It’s been a very busy week here in Lixouri, with plenty of new nests and a particularly busy day with 2 relocations.
The week started with emergences on Lepeda, one of our new nesting beaches, including an abandoned egg chamber and a body pit. It is unclear why the egg chamber was abandoned, but some reasons include high levels of clay, plant roots, or the turtle being disturbed while digging.
Our night survey team have tagged more turtles, including a female who nested but laid her eggs too shallow, meaning we had to relocate it. This was to make sure the eggs were not harmed by the thin layer of hot sand covering them, and to give them more protection from surface disturbances. On the same day the Lepeda team found a nest on Agios Georgios which was our first sign of turtles on that beach. However, these eggs were also laid too shallow, so this nest too had to be relocated further back the beach.
We have also been continuing our light pollution surveys, an important part of our work, as it provides invaluable information that can be used to help monitor hatchlings. If a beach has high levels of light pollution, the hatchlings could travel towards the light source, usually beach bars or hotels, instead of going straight to the sea. Therefore, it is important to monitor light pollution levels to determine which nests need to be monitored towards their expected hatching date.
Following this week, our current totals are 7 tagged turtles, 4 relocations, 10 nests on Megas Lakkos, 3 on Lepeda and 1 on Vatsa, making 14 nests in total. We will be continuing beach profile surveys, where we monitor gradient changes, and will also start light pollution surveys in the Lepeda area due to an increase in turtle emergences.
Written by: Sophie Prater
This week saw a first for #teamskala with the appearance of a nest on the smaller of the 2 surveyed beaches. Contrary to last week’s thoughts, the single emergence on Spithi lead to an extended body pit and, after quite some digging, a nest! Unfortunately, with numerous landfalls across the whole of Spithi, the nest’s safety is our team’s top priority and may eventually find us relocating.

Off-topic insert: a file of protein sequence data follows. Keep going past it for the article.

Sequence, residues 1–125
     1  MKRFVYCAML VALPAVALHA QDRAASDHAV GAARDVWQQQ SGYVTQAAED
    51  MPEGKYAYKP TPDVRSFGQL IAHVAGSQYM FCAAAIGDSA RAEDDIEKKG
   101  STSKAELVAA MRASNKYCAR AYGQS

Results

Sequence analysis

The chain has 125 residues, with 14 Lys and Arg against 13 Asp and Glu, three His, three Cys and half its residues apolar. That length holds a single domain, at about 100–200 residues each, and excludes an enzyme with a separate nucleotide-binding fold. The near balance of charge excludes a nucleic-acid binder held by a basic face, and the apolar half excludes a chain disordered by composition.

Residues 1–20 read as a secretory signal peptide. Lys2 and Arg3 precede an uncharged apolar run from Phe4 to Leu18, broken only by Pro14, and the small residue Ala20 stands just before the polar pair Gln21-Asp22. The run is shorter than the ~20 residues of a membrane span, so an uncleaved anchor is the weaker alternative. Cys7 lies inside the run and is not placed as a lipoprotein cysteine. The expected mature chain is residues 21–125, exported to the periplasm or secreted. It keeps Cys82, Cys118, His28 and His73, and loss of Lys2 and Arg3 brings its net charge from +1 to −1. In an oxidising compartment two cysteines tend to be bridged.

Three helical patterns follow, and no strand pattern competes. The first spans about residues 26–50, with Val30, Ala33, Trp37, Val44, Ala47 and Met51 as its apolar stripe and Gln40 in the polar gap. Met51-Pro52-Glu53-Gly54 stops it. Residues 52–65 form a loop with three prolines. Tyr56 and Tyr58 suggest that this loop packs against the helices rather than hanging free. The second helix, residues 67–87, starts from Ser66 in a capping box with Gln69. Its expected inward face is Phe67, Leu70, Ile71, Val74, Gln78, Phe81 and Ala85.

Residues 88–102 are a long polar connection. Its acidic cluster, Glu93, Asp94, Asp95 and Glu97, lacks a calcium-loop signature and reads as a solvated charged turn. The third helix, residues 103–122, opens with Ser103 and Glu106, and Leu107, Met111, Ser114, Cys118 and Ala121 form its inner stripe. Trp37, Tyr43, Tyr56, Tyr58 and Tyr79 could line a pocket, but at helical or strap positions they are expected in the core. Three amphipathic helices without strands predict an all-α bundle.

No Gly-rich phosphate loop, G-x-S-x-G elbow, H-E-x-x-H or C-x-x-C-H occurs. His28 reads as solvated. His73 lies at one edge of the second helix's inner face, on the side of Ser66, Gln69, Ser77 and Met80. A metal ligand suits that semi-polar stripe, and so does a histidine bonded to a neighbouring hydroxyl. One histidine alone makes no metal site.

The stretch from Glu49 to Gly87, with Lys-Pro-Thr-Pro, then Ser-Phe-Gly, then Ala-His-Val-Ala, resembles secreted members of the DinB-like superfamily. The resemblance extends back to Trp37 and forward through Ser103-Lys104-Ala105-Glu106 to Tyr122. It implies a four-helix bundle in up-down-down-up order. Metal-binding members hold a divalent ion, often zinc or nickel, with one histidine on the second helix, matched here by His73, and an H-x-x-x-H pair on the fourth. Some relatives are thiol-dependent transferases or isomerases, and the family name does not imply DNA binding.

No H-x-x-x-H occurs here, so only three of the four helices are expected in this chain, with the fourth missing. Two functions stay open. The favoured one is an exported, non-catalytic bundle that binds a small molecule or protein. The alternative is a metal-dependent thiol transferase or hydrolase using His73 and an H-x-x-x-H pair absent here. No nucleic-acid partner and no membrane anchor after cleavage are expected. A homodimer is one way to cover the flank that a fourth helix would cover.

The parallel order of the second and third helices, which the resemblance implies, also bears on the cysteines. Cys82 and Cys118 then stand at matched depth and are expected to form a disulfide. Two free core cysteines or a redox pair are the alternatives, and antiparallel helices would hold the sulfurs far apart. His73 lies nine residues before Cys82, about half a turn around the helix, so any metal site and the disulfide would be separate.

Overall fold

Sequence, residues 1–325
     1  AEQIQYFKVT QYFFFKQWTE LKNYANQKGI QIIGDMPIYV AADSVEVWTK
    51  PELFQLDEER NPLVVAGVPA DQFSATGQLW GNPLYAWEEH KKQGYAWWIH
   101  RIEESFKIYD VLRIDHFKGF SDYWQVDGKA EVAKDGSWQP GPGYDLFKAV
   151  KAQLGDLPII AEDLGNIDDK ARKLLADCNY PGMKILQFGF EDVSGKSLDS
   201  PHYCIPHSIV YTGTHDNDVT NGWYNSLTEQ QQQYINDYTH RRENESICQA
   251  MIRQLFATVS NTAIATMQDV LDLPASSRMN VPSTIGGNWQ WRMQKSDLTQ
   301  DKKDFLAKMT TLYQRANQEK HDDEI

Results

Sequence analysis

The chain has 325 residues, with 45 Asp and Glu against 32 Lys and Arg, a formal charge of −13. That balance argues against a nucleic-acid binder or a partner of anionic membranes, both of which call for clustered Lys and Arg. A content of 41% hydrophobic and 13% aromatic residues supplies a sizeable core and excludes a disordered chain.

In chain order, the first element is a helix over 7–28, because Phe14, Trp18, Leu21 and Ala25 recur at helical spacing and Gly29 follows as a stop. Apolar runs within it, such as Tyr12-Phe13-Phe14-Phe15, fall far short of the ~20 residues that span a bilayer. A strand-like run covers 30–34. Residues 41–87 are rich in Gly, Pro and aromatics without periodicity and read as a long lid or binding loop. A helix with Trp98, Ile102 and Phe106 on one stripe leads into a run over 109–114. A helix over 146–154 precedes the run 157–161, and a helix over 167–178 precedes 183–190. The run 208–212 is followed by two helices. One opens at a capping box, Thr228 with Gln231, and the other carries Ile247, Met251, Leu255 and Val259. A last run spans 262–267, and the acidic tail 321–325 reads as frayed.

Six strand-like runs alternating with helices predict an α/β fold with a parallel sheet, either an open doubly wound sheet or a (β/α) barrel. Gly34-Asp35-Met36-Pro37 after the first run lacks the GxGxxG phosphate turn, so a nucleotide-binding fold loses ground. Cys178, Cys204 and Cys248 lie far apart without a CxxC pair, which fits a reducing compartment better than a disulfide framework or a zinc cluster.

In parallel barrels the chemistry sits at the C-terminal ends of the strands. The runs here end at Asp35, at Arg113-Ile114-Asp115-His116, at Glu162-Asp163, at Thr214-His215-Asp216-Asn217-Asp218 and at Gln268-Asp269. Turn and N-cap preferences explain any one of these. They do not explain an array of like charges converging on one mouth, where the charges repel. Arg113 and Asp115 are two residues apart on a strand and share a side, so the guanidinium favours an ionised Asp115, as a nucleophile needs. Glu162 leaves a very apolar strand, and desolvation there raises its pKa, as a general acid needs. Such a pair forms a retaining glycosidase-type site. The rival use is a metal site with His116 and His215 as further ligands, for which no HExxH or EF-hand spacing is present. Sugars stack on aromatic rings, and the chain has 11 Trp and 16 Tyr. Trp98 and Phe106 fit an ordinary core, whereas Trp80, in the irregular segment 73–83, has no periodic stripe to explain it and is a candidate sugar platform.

Conversely, the larger of the 2 surveyed beaches, Skala, proved less fruitful for emergences than previous weeks, with only 2 small tracks located very close to the sea, both labelled as no attempts.
The discovery of this week’s 6th protected nest was a welcome boost, and we are ever hopeful that this number is sure to be on the rise! The lack of night-time activity this week has not put us down. Even if we are tired we will continue night surveys and light pollution shifts with more energy and enthusiasm than ever!
Written by Jake Horton and Kim Guieze
Yet another busy week was had by all at the Argostoli camp. With another three nests being found. One on Ammes beach in the airport area, and the other two being in the avithos area, located on Ai Chelis and Avithos beaches respectively. As has been the recurring theme this nesting season in Argostoli, all three of these nests once again required relocation. Those keeping up to date with our activities here in kefalonia will be aware that most of our nests this season have had to be relocated. This is mainly due to nest proximity to sea and nest depth in the sand. Both of these factors warrant relocation, because nests can quickly become inundated with water if placed too close to the sea, and if placed either too shallow or too deep in the sand can experience extreme temperature fluctuations or fail to reach incubation temperature entirely. While we aim to keep the nesting process of sea turtles as natural as possible, it has recently been necessary to relocate a large proportion of our nests. With all the practice our volunteers are getting, they are fast becoming experts at relocating sea turtle nests.
By Ben Walker & Sam White